In the wake of a steady stream of positive results indicating the effectiveness of several coronavirus vaccines, the official in charge of the federal coronavirus vaccine program explained on Sunday news shows how the vaccines might be distributed to Americans as early as next month.
Dr. Moncef Slaoui, head of the administration’s Operation Warp Speed, said that within 24 hours after the Food and Drug Administration approves a vaccine, doses will be shipped to states to be distributed. “Within 48 hours from approval,” the first people would likely receive injections, Dr. Slaoui said on ABC’s “This Week With George Stephanopoulos.”
Two companies, Pfizer and Moderna, announced this month that their vaccines were about 95 percent effective, and Pfizer formally submitted an application to the F.D.A. for emergency approval. Regulators at the agency will spend about three weeks reviewing the application. On Dec. 10, an outside advisory board on vaccines will meet to discuss the application, and the agency is expected to make a decision shortly after that meeting. Moderna is expected to submit its own application soon.
Even if the first vaccine is authorized in mid-December, officials and company representatives have estimated that there will only be enough doses available to treat about 22.5 million Americans by January. Each vaccine requires two doses, separated by several weeks.
Dr. Slaoui said vaccines would be shipped to states, proportioned according to their population, and that states would decide how and where to distribute the doses. He said that likely within a day after a vaccine receives F.D.A. authorization, a committee at the Centers for Disease Control and Prevention would issue recommendations for which groups should be first to receive a vaccine.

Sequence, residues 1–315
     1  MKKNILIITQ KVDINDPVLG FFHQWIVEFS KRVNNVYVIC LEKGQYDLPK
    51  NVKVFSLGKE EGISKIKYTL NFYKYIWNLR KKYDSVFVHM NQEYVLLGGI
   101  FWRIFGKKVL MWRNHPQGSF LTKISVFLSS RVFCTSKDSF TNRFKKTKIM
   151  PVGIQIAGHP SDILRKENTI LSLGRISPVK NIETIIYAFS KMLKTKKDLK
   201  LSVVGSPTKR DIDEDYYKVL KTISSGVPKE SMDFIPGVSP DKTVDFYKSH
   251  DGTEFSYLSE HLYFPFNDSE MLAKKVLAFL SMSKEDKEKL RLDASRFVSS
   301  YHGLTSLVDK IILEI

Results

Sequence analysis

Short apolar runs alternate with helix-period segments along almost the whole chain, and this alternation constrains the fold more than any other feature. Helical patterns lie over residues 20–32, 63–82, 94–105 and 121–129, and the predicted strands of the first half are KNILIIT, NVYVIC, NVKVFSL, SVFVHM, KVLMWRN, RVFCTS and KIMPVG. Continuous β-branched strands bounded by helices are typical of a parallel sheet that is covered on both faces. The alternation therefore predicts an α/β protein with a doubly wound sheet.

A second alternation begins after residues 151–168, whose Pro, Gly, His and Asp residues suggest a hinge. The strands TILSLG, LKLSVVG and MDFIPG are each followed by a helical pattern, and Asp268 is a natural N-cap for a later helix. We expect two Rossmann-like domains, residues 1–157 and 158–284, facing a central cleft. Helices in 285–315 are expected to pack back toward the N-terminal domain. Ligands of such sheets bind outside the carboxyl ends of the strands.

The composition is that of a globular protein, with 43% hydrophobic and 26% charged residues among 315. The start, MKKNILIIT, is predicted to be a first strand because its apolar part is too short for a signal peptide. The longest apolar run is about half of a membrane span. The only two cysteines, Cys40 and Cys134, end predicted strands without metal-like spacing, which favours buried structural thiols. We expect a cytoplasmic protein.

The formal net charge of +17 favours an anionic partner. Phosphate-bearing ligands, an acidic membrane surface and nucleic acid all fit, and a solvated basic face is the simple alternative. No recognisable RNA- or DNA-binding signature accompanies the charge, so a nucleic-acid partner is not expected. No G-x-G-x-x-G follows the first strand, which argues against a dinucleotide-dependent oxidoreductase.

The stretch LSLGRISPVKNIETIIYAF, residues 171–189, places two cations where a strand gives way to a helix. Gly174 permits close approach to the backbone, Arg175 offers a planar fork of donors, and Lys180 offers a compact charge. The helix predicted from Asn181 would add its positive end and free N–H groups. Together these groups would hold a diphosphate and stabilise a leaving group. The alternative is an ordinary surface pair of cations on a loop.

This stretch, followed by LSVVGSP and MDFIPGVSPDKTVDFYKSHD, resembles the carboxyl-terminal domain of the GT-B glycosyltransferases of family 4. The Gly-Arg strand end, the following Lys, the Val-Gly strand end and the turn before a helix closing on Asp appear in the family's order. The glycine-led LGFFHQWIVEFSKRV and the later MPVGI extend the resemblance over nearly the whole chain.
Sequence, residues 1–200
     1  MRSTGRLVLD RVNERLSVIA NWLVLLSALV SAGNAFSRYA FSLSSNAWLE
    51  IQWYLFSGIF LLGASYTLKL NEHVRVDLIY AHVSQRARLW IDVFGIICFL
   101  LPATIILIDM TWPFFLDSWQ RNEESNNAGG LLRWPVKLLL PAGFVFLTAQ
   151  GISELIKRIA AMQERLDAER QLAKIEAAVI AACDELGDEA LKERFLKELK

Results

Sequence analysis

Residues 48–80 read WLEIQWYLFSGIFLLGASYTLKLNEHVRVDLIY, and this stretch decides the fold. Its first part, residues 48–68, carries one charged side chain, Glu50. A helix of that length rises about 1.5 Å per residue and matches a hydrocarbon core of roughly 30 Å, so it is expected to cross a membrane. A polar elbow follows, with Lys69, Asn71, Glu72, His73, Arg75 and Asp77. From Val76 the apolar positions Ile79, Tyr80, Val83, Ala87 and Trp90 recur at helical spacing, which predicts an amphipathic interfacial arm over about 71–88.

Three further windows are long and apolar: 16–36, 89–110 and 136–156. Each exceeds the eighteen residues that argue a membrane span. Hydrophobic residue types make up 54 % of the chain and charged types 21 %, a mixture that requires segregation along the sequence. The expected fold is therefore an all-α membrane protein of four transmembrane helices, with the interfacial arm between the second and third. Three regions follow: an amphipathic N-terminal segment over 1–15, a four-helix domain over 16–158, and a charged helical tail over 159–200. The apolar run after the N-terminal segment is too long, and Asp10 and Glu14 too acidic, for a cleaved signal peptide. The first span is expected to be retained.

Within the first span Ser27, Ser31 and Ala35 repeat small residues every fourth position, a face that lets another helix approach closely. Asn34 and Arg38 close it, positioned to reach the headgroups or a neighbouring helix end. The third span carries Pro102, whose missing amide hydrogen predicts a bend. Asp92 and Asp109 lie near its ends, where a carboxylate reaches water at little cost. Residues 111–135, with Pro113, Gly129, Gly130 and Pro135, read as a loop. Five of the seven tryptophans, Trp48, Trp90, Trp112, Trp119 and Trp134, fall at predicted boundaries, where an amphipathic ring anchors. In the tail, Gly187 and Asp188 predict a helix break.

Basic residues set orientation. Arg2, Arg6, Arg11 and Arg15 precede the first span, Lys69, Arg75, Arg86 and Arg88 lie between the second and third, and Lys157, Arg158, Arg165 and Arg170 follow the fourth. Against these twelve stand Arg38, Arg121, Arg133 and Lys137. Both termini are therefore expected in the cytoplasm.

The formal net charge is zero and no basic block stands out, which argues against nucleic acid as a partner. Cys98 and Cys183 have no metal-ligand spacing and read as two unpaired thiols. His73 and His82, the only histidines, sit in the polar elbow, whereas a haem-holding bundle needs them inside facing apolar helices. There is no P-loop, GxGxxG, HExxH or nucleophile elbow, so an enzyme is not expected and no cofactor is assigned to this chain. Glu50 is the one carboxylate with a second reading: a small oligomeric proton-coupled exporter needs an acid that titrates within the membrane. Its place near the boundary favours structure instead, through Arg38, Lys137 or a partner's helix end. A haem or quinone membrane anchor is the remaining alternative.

High-priority groups are likely to include frontline medical workers and residents of nursing homes. Dr. Scott Gottlieb, a former F.D.A. commissioner, said on the CBS show “Face the Nation” that those groups would likely be followed by other older adults and then expanded to younger adults in the spring. Both he and Dr. Slaoui estimated that tens of millions of adults could be vaccinated by sometime in May.
Immunizations for children would follow. Dr. Slaoui said on the CNN show “State of the Union” that the youngest participants in the clinical trials so far have been 12 to 14 years old and that approval for younger children and toddlers would likely not occur until late in 2021, after clinical trials for those age groups are conducted.
On “Face the Nation,” Larry Merlo, the chief executive of CVS Health, said that pharmacists and other medical staff from CVS plan to immunize residents of more than 25,000 long-term care facilities, beginning about 48 hours after a vaccine is approved. He said that for several years, CVS has been going to nursing homes to administer the seasonal flu vaccine, so “we have the systems, we have the processes, and we have built the logistics directly for the Covid vaccine.”
Mr. Merlo, whose company runs 10,000 pharmacies across the country, also said as the supply